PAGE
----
LDS apostle Jeffrey Holland’s ‘musket’ speech is part of class for new BYU students

Support group fears the message “perpetuates harm” to LGBTQ students.

(Francisco Kjolseth | The Salt Lake Tribune) Students walk between classes on Provo’s BYU campus in 2022.

Starting next fall, Brigham Young University will require all incoming students to read Latter-day Saint apostle Jeffrey R. Holland’s controversial “musket fire” speech.

And an off-campus LGBTQ support group worries about the message that may be sent to the Provo campus, warning it could cause “considerable mental, physical and emotional harm.”

In his 2021 remarks, Holland sharply criticized faculty members and students who challenge the teachings of the school’s owner, The Church of Jesus Christ of Latter-day Saints, against same-sex marriage.

BYU faculty and staffers should take up their intellectual “muskets” to defend the Utah-based faith, especially “the doctrine of the family and…marriage as the union of a man and a woman,” the popular Latter-day Saint speaker said, but some choose to aim “‘friendly fire’ — and from time to time the church, its leaders and some of our colleagues within the university community have taken such fire on this campus.”

Sometimes it “isn’t friendly,” he added, “wounding students and the parents of students.”

(The Church of Jesus Christ of Latter-day Saints)
Apostle Jeffrey R. Holland speaks to faculty at Brigham Young University on Aug. 23, 2021. This talk has now been included in a class for incoming BYU students.

Now, a lightly edited version of Holland’s address that includes the musket reference will be assigned in a class known as “BYU Foundations for Student Success,” which is meant to help new students understand the “unique mission and purpose of BYU.”

Tested as a pilot program, the class was offered in the winter semester. The syllabus includes the Holland talk and one by the church’s commissioner of education, Clark Gilbert, titled “Dare to Be Different.”

“The materials for this course involve several important and significant addresses that have been given at BYU,” spokesperson Carri Jenkins said Thursday evening. “The class has been well received by our students, who are enjoying the small class sizes, the connections they are forming and the introduction to the mission of BYU. Additionally, this class acquaints students with resources at BYU that have been provided for them to succeed in their university experience.”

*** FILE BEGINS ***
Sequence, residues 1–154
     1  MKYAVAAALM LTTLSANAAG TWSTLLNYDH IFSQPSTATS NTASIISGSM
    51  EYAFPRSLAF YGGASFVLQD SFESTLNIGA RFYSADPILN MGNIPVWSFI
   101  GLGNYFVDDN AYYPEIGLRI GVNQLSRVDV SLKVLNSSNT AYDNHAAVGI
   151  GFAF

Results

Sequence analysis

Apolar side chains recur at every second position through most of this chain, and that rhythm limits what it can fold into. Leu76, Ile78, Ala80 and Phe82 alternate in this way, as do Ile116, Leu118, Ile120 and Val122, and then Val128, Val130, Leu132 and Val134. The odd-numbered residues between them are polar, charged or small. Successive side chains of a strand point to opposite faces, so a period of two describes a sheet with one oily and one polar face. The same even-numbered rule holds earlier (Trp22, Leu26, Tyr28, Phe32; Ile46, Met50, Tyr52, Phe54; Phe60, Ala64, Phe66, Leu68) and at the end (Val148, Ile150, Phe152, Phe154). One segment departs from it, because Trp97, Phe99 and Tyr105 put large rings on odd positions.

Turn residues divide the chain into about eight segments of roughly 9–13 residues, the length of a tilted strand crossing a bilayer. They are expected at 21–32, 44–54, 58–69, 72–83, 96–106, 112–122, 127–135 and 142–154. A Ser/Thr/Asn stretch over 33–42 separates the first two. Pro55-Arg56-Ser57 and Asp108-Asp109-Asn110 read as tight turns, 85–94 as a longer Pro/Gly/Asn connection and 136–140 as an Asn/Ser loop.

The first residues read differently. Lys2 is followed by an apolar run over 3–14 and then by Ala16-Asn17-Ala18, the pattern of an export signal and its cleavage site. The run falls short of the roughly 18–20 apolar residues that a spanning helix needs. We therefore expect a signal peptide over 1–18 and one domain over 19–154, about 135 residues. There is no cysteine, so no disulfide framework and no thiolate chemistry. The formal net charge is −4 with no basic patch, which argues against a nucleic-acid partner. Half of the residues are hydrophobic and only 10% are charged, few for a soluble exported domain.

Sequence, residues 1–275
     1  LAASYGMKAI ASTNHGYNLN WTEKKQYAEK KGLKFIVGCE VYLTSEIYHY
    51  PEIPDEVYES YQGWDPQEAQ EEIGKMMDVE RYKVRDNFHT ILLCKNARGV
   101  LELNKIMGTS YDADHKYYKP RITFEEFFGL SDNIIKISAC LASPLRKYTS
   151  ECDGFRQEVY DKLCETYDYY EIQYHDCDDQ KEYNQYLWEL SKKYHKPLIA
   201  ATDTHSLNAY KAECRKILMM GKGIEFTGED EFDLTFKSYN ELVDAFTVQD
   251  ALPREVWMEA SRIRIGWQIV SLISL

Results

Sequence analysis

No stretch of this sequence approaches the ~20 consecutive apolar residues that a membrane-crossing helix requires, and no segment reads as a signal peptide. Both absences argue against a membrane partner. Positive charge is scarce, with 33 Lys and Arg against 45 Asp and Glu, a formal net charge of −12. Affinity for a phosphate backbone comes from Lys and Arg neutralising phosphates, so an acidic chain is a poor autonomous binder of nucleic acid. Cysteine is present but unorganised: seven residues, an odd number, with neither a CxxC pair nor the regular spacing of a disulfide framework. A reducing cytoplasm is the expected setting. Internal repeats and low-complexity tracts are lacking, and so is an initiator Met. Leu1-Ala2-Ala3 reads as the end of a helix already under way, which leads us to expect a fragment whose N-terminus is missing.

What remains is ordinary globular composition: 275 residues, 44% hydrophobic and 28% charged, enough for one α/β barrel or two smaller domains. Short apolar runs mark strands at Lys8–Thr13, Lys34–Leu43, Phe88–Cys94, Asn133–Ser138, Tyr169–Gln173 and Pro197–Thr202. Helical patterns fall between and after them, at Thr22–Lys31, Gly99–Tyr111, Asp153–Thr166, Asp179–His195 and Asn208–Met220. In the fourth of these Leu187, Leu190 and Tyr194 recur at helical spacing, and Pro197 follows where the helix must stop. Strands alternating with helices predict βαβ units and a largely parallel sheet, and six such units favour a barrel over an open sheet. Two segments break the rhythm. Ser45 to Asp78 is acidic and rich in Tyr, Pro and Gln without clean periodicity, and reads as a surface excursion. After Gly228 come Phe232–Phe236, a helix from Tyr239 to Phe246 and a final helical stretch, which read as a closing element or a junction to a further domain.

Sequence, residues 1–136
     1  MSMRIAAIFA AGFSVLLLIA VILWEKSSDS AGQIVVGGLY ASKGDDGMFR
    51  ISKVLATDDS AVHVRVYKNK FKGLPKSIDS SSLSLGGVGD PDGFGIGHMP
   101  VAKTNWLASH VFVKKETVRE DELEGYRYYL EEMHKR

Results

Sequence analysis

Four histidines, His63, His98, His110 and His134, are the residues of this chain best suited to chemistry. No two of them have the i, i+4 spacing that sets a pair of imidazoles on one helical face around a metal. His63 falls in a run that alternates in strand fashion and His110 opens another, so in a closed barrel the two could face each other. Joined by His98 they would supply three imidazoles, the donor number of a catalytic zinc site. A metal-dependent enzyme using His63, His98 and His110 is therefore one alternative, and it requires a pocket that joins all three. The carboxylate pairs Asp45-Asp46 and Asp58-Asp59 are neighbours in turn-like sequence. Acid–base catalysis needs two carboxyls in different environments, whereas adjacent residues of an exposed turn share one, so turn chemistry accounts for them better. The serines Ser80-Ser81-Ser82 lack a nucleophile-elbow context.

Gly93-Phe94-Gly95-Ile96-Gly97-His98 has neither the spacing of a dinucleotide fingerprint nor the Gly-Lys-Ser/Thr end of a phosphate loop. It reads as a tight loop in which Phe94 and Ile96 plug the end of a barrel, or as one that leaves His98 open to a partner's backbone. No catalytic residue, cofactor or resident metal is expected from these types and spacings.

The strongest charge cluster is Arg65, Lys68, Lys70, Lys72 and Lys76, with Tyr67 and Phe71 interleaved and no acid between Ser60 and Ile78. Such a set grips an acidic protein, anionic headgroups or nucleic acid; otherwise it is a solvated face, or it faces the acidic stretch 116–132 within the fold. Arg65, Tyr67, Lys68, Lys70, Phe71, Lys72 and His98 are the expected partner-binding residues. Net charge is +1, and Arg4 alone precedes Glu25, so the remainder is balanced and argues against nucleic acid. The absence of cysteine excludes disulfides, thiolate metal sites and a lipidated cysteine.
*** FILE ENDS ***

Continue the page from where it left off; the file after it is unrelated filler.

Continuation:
BYU administrators “want all our students, including our LGBTQ students, to feel both the love of the Savior and the joy associated with living his commandments as part of a covenant-keeping community,” Jenkins said. “We believe that we have a shared primary identity as sons and daughters of God. We welcome LGBTQ students and are grateful for all those who choose BYU because of its environment of covenant belonging.”

That’s not how it feels to some Latter-day Saints.

The inclusion of the apostle’s address “is deeply concerning,” according to a statement expected to be released Friday from the RaYnbow Collective, a nonprofit support group for LGBTQ BYU students. “The use of this speech, which was originally intended for staff and faculty, has significant implications for queer students, suggesting they do not belong and fostering an unsafe environment.”

By including Holland’s words in a class on BYU’s mission, “insinuating that queer students lie outside the boundaries of the university’s mission and vision,” the statement said, “the speech perpetuates harm and undermines efforts to foster a sense of belonging.”

In the past 2½ years, the talk “has caused considerable mental, physical and emotional harm and has been used to justify acts of violence,” the support group said. “This decision is insensitive, inconsiderate, and fails to recognize the diverse experiences and needs of our student body.”

The RaYnbow Collective urged the school to reconsider including Holland’s comments in the class and instead explore “alternative messaging that promotes unity and respect for all members of the BYU community.”

The group advocates for “initiatives that foster a kinder campus community,” it said, “where all students feel valued, supported and included.”

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